A limestone product with an average particle size of 4 microns is commonly used by consumers of the white limestone products. Those consumers require a product that has a Hunter L value greater than 96.0. Two series of tests were conducted on a wet ground limestone product that was ground to a size of 85% smaller than 44 micron and then leached. The first test series used the patented Fenske process. The second test series used the new leaching process. After leaching, the iron-bearing water was filtered away from the limestone. The limestone filter cakes were then re-slurried with fresh water and ground to the final product size of 4 microns.
Table II show the results of the test series and the brightness of a non-leached limestone sample ground to 4 microns in size.
TABLE II______________________________________ Sodium Acetic Hydro- Temp. HunterSample Acid sulfite EDTA pH deg. F. L______________________________________not leached 95.9Fenske 3#/ton 7#/ton 7.2 150 96.0processNew 7#/ton 20#/ton 9.4 150 97.1process______________________________________
In this example, the effect of varying amounts of a chelating agent, specifically the tetrasodium salt of EDTA, was examined. All other conditions remained constant. The leaching method was carried out in accordance with this invention, substantially as described in Example I.
TABLE III______________________________________ Sodium Temp.Sample Hydrosulfite EDTA pH deg. F. Hunter L______________________________________not leached 94.51 7#/ton 1#/ton 9.4 150 94.22 7#/ton 5#/ton 9.4 150 95.23 7#/ton 10#/ton 9.4 150 95.34 7#/ton 20#/ton 9.4 150 95.25 7#/ton 30#/ton 9.4 150 95.26 7#/ton 40#/ton 9.4 150 95.2______________________________________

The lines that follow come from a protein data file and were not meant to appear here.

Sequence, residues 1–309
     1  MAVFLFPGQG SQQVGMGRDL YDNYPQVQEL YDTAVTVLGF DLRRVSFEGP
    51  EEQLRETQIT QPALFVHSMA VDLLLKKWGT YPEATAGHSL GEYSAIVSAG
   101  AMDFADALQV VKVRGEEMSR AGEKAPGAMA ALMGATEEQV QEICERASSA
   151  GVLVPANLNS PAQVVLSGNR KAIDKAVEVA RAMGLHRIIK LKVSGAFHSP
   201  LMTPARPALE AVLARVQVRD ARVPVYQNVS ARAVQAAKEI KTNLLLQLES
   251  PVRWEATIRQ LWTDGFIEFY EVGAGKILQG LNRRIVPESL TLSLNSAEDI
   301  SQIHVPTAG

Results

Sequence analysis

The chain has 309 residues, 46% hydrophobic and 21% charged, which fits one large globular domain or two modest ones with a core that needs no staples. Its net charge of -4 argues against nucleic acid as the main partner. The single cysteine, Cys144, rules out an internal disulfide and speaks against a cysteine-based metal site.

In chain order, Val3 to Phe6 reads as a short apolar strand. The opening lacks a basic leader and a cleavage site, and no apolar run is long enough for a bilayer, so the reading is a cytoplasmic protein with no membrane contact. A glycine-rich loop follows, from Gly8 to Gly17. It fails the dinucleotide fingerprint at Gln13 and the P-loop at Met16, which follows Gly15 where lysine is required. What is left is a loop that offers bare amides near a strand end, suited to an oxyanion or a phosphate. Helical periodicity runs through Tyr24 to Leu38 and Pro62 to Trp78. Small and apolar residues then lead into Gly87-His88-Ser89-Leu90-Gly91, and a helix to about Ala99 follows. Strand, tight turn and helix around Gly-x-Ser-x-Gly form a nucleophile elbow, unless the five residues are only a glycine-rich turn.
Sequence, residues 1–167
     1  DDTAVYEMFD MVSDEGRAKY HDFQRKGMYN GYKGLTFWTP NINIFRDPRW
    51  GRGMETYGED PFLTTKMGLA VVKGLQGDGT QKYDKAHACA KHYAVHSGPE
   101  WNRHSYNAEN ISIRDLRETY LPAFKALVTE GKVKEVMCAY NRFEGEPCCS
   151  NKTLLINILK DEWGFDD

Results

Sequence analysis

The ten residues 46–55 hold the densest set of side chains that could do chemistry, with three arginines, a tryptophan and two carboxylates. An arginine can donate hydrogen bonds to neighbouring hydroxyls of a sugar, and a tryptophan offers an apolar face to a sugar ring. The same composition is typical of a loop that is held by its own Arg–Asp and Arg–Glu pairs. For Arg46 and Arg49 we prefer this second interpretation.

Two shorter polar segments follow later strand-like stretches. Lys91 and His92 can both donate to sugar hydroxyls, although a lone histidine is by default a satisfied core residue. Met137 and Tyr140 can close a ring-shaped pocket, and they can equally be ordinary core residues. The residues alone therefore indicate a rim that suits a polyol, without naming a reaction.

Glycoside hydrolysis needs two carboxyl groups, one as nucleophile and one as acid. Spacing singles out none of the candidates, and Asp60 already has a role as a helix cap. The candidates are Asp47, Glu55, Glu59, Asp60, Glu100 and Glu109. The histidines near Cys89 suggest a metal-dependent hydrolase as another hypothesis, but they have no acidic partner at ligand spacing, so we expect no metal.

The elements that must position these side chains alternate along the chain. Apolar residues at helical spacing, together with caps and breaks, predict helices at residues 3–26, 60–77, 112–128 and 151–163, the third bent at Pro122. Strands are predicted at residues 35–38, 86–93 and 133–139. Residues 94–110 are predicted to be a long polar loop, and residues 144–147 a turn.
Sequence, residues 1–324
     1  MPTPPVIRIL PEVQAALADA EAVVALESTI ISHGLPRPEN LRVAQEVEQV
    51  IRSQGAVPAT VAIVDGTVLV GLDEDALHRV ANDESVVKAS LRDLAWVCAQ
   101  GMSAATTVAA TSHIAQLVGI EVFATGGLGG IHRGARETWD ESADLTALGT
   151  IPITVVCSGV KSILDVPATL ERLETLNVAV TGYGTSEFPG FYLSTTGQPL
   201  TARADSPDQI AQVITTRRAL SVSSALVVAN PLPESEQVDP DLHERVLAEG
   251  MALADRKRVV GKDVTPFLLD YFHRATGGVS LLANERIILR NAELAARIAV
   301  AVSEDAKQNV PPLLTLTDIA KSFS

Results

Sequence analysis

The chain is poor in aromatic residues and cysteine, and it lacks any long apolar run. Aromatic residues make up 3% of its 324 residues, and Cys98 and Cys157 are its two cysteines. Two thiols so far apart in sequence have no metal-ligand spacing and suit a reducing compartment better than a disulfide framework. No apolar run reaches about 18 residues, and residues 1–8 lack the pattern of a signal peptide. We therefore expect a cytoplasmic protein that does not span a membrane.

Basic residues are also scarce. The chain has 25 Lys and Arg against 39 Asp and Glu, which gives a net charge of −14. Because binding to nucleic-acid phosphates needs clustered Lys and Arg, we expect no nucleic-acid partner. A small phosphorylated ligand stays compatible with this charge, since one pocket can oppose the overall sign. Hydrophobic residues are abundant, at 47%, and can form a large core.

A series of tests were carried out similar to those described in Example III, except the amounts of the bleaching agent, specifically sodium hydrosulfite, were varied, while all other conditions remained constant. The results of these tests are shown below in Table IV.
TABLE IV______________________________________ Sodium Temp.Sample Hydrosulfite EDTA pH deg. F. Hunter L______________________________________not leached 94.51 2#/ton 20#/ton 9.4 150 94.92 4#/ton 20#/ton 9.4 150 95.13 6#/ton 20#/ton 9.4 150 95.04 8#/ton 20#/ton 9.4 150 95.15 10#/ton 20#/ton 9.4 150 95.26 15#/ton 20#/ton 9.4 150 95.57 20#/ton 20#/ton 9.4 150 95.2______________________________________
A series of test were conducted in the same manner as Examples III and IV, except that the temperatures under which the leaching processes were conducted were varied, while all other conditions remained constant. The results of these tests are shown in Table V.
TABLE V______________________________________ Sodium Temp.Sample Hydrosulfite EDTA pH deg. F. Hunter L______________________________________not leached 94.51 7#/ton 20#/ton 9.4 71 94.82 7#/ton 20#/ton 9.4 90 94.73 7#/ton 20#/ton 9.4 110 95.04 7#/ton 20#/ton 9.4 130 95.05 7#/ton 20#/ton 9.4 150 95.06 7#/ton 20#/ton 9.4 170 95.27 7#/ton 20#/ton 9.4 190 95.2______________________________________
Tests similar to those disclosed in the tables above were carried out in which the time period of the leaching process, in accordance with this invention, was varied, while all other conditions remained constant. The results of these tests are shown in the following Table VI.
TABLE VI______________________________________ Sodium Hydro- Temp. HunterSample sulfite EDTA pH deg. F. Time L______________________________________not leached 93.81 7#/ton 20#/ton 9.4 150 10 min. 94.42 7#/ton 20#/ton 9.4 150 20 min. 94.53 7#/ton 20#/ton 9.4 150 30 min. 94.64 7#/ton 20#/ton 9.4 150 40 min. 94.35 7#/ton 20#/ton 9.4 150 120 min. 94.46 7#/ton 20#/ton 9.4 150 240 min. 94.37 7#/ton 20#/ton 9.4 150 360 min. 94.08 7#/ton 20#/ton 9.4 150 420 min. 93.9______________________________________
A limestone sample was wet ground to a size of 85% smaller than 10 microns. The ground limestone was divided into two samples for a series of tests comparing two different chelating agents. In the first test, the tetrasodium salt of EDTA (Sample I) was utilized as the chelating agent, while in the second test, the trisodium salt of N-hydroxyethyl ethylenediaminetriacetic acid (Sample II) EDTA was utilized. The purpose of the tests was to show that any chelating agent that would complex divalent ions would produce a high degree of whiteness in the finished dried limestone product. The results of these tests are shown in Table VII.